Flower Gardening

Bring Ultra Violet Purple Color to the Garden

By Jean Starr


Late-summer – Fall

  1. Bugbane (Actaea simplex) is a great fall-bloomer, with white to pale pink flowers like bottle brushes. Cultivars ‘Brunette’ and ‘Pink Spike’ have deep purple leaves, grow from four to six feet tall, and are hardy in Zones 4-8. Try pairing them with fall blooming Anemone.
  2. Lily of the Nile (Agapanthus africanus) is hardy only in Zones 8-10, and takes a long period of warmth to bloom with flowers that range from pale to deep blue on stems that can reach up to two feet tall. Plant Agapanthus in a pot by itself if you live in a cold region and grow it in full sun.
  3. Asters (Symphyotrichum): They’ve been given a complicated name but there’s nothing hard about growing these fall bloomers. For a frothy spot of blue, try ‘Little Carlow’, a hybrid that grows about two feet tall and sports tiny blue flowers. It is hardy in Zones 4-8 and looks great with deep orange or gold fall mums.
  4. Salvia (annual) The best Salvias seem to wait until fall to really take off. It’s true with ‘Amistad’ and ‘Love and Wishes’, both hummingbird magnets that grow up to four feet tall. They are hardy in Zones 9-11 and mix well with Cleome.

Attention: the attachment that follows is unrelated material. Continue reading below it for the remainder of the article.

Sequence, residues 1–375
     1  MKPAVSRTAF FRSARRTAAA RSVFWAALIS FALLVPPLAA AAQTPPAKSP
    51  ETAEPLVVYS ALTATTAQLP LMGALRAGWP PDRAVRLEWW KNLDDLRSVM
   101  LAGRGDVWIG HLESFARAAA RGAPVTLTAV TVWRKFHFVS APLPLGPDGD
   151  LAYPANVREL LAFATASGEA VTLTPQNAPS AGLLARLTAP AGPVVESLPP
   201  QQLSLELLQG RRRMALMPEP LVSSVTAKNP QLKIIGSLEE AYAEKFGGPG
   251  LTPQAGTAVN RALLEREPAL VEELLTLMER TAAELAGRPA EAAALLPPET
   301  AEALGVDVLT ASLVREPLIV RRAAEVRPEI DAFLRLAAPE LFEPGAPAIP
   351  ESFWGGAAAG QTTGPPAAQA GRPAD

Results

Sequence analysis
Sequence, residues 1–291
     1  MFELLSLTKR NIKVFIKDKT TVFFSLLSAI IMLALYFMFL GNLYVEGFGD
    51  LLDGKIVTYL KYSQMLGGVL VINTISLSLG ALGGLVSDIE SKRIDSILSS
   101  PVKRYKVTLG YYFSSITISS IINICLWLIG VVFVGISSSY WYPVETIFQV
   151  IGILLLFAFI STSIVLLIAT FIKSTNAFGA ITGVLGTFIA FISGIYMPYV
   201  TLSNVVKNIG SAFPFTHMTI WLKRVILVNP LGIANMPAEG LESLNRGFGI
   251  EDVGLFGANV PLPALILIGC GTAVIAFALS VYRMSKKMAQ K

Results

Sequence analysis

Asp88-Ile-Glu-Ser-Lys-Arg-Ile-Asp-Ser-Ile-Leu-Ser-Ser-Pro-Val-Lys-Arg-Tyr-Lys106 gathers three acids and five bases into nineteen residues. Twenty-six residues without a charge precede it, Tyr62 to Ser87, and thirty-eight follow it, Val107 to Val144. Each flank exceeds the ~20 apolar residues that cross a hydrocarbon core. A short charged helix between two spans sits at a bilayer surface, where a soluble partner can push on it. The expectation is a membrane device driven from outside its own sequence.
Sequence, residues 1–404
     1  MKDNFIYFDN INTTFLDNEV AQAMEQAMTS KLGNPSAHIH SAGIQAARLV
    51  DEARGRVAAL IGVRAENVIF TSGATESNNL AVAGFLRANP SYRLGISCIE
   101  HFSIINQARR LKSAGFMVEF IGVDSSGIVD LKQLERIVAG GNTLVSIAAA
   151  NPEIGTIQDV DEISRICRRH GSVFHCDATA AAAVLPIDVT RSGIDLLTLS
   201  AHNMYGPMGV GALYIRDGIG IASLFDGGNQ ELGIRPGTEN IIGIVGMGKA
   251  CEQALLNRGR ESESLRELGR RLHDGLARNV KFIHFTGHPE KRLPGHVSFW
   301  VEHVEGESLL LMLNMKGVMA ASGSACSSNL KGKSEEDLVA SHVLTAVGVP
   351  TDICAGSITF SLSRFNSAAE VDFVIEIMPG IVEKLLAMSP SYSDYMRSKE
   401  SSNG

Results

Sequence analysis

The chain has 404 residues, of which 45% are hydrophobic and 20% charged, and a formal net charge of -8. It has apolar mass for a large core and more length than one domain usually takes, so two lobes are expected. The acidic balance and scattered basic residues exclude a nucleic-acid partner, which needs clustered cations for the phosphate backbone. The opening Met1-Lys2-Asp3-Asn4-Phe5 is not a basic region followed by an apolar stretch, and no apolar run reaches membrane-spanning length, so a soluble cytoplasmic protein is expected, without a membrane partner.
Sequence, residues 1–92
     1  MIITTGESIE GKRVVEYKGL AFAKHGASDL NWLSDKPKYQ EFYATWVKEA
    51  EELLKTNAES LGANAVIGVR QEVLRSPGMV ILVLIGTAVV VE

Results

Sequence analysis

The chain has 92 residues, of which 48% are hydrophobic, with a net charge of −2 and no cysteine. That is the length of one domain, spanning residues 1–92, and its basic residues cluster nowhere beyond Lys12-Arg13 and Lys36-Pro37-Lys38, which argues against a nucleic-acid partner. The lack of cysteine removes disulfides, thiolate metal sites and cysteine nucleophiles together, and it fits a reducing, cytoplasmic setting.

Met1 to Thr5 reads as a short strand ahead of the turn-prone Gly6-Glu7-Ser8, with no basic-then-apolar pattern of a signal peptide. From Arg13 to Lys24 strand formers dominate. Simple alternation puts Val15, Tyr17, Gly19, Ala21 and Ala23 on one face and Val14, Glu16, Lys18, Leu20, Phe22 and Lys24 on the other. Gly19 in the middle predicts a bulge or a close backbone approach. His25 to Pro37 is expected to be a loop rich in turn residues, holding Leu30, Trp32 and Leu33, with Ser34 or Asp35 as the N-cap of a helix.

5. Toad Lily (Trycirtis): These shade-lovers range in height from 12” to 3 feet and in hardiness from Zones 4-8. Plant Delights has introduced several hybrids, many of which contain white and purple in their flowers.
  6. Russian sage (Perovskia) is a great plant for a sunny spot. A variety called ‘Blue Jean Baby’ grows under three feet tall, quite a feat for this beast. It’s hardy from Zones 4-9 and makes a good companion for ornamental grasses and Agastache.

 

Conclusion

Whether the name says ultramarine, blue or violet, plants in the purple category are like mood music, enhancing the background while other colors step in for their spirited solos. Think blue as the “little black dress” – it looks great by itself, but even better with contrasting accessories.

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